On For Health and Well-Being, the trio are everything they’ve been described as, with a dash of Trail of the Dead tossed into the mix, and it’s a punky, energetic blend of styles that all point to energetic fury. The title tracks is a 25-second spoken word piece where a swell of noise and feedback rises in the background before halting abruptly and the full-throttle guitar attack of ‘Abuserism’ (the longest song at 3:30) piles in.

Blink and you’ll miss the 32-second ‘Vanity Support’: it’s the furious ‘Hard’ that really grabs the attention with its thick riffage and hardcore attitude, and the closer, ‘Intravenous Inconvenience’ powers it to a close.

Take same time out and give it a blast, and do it on work time. Because employers are all about supporting Health and Well-Being, right?

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French experimental punk / hardcore trio, Birds In Row have been at the forefront of their genre for a decade. Their lauded 2012 debut You, Me & the Violence released on Deathwish Inc. rocketed them from Laval-based unknowns to the world’s stage. Their exceptional 2018 follow up We Already Lost the World was an unyielding inferno of brazen ideas. It screamed for mutual respect in a world of increasingly extreme political divides, and used the vehicles of punk, post-hardcore and post-metal to carry its cries.

Sonically, they’re fearless. Lyrically, they’re as poetic as they are recusant. And live, they’re a ruthless force, matching the power of their music with boundless, must-see energy.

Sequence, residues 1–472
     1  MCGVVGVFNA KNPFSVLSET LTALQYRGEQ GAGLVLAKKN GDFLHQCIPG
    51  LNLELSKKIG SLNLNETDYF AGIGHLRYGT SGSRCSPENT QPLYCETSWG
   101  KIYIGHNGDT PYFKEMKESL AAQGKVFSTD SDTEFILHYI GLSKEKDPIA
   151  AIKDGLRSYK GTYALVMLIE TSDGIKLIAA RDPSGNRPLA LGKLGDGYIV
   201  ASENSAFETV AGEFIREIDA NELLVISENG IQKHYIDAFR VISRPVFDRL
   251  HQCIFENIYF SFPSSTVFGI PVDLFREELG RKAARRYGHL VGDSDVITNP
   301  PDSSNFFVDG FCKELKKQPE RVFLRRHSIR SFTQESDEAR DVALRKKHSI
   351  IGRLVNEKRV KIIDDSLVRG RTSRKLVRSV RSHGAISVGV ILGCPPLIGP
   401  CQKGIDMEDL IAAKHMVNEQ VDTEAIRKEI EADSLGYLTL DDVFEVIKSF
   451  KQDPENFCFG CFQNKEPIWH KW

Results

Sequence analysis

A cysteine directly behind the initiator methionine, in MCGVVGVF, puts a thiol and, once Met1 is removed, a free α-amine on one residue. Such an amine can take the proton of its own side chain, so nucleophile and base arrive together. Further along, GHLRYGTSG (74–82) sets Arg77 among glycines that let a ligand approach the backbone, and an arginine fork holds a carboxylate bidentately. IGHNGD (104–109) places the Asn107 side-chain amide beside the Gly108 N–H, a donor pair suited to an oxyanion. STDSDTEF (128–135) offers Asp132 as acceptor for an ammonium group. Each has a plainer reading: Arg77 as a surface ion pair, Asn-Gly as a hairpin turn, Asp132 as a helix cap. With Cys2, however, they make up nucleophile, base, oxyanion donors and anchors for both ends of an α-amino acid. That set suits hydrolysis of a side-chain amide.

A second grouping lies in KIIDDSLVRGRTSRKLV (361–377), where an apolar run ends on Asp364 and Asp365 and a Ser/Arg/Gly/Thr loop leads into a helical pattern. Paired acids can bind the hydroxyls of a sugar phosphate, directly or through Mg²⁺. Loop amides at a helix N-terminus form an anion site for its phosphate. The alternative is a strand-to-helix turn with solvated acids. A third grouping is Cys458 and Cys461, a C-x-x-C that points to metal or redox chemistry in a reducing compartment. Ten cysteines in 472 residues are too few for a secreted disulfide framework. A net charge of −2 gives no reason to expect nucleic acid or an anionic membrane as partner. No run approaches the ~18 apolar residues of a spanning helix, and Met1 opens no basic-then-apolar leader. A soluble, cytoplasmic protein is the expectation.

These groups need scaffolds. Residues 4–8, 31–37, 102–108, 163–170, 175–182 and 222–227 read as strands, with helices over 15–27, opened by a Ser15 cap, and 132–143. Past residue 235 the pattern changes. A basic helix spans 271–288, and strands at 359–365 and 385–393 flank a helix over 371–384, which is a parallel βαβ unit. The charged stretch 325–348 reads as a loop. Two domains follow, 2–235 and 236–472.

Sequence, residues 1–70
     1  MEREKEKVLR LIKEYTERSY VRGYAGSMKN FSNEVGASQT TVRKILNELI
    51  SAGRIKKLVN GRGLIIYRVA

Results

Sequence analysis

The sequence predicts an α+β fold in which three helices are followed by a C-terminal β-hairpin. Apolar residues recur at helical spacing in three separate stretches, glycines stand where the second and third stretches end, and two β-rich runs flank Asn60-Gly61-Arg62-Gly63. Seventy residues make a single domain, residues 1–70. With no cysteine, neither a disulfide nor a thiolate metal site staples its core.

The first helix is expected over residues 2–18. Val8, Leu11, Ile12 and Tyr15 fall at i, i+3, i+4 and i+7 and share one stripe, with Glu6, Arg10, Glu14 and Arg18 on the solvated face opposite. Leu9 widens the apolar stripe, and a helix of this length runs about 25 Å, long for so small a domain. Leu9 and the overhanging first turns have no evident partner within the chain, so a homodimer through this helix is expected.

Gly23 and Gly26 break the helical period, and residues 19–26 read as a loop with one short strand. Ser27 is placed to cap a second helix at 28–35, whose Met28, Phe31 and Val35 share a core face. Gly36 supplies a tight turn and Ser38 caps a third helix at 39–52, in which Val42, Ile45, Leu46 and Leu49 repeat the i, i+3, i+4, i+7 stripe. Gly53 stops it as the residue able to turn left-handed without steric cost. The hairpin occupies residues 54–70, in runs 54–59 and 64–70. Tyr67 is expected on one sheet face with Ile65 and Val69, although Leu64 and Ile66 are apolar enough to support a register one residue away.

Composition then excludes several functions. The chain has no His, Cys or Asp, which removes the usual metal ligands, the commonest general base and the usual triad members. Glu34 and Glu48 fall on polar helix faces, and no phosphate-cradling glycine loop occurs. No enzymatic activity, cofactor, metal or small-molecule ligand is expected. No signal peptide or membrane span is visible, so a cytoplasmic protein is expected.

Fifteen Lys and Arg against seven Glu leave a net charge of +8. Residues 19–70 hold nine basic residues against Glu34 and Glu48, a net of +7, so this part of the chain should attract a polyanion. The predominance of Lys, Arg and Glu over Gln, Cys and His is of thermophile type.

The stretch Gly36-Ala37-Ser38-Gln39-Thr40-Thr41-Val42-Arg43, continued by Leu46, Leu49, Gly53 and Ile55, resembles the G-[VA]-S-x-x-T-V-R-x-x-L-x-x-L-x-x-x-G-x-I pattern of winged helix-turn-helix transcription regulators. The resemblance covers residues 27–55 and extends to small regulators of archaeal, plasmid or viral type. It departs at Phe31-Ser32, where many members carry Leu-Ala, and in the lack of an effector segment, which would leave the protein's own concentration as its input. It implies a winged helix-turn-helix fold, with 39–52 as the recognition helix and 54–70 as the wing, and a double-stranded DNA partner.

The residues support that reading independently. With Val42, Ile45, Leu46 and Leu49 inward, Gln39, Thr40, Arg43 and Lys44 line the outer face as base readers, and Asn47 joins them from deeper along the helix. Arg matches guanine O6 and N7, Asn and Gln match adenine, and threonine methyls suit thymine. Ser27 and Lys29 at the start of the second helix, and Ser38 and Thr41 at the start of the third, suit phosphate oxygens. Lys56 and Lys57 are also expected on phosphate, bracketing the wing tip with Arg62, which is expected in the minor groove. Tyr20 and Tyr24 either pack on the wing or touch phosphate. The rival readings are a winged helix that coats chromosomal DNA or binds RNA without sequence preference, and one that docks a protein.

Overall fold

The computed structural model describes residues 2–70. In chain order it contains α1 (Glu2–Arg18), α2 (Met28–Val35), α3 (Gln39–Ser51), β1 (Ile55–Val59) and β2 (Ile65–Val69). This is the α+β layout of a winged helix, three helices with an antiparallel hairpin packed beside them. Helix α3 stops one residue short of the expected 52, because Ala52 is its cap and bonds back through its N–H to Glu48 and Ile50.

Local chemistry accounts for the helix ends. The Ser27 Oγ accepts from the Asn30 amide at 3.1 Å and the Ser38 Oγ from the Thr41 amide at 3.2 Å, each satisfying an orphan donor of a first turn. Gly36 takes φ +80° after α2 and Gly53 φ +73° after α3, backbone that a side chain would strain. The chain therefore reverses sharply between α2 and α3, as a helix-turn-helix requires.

Today they return with an immediate and genre-bending epic, ‘Water Wings’. Its scraping guitar strums a ticking clock, counting down to the inevitable barrage of hardcore to follow. Of the single, Birds In Row tell, “The dreams that are imposed on us – of social success, accomplishment or, even, the vision of what happiness is – does not consider who we are or where we’re from. Those dreams aren’t ours, but are inherently ours. Being ourselves means struggling against these dreams that have been forced onto us.”

Check the visualiser vid here:

“Water Wings” comes alongside the news that the band have signed with Red Creek Recordings (founded by Johannes Persson of Cult of Luna and Alexis Sevenier from ORA Management) to release their third studio album later this Fall. Birds In Row have also announced a full October/November European tour. See below for a full list of dates. For more info go here… stay tuned for more.

Birds In Row Live Dates:

* w/ Cult of Luna

Sep 30 – Vitry-sur-Seine (FR) – Festi’Val de Marne

Oct 01 – Rouen (FR) – Le 106

Oct 02 – Esch-sur-Alzette (LU) – Rockhal *

Oct 03 – Cologne (DE) – Live Music Hall *

Oct 04 – Geneve (CH – Alhambra *

Oct 05 – Toulouse (FR) – Le Metronum *

Oct 06 – Biarritz (FR) – Atabal *

Oct 07 – Barcelona (ES) – AMFest *

Oct 08 – Madrid (ES) – But *

Oct 09 – Porto (PT) – Ampli Fest *

Oct 11 – Nantes (FR) – Stereolux *

Oct 12 – Lille (FR) – Aeronef *

Oct 13 – Strasbourg (FR) – La Laiterie *

Oct 14 – Zwolle (NL) – Hedon *

Oct 15 – Leipzig (DE) – Felsenkeller *

Oct 16 – Wroclaw (PL) – A2 *

Oct 17 – Budapest (HU) – Durer Kert *

Oct 18 – Prague (CZ) – Underdogs *

Oct 20 – Berlin (DE) – Urban Spree

Oct 21 – Dortmund (DE) – Trompete

Oct 22 – Darmstadt (DE) – Oettinger Villa

Oct 23 – Neunkirchen (DE) – Stummschen Reithalle

Oct 27 – Bordeaux (FR) – Le Krakatoa

Oct 28 – Alençon (FR) – La Luciole

Nov 03 – Amiens (FR) – La Lune des Pirates

Nov 04 – Belfort (FR) – La Poudrière

Nov 05 – Annecy (FR) – Le Brise Glace

Nov 09 – Bruxelles (BE) – Le Botanique

Nov 10 – Haarlemn (NL) – Patronaat

Nov 11 – Leeuwarden (NL) – Neushoorn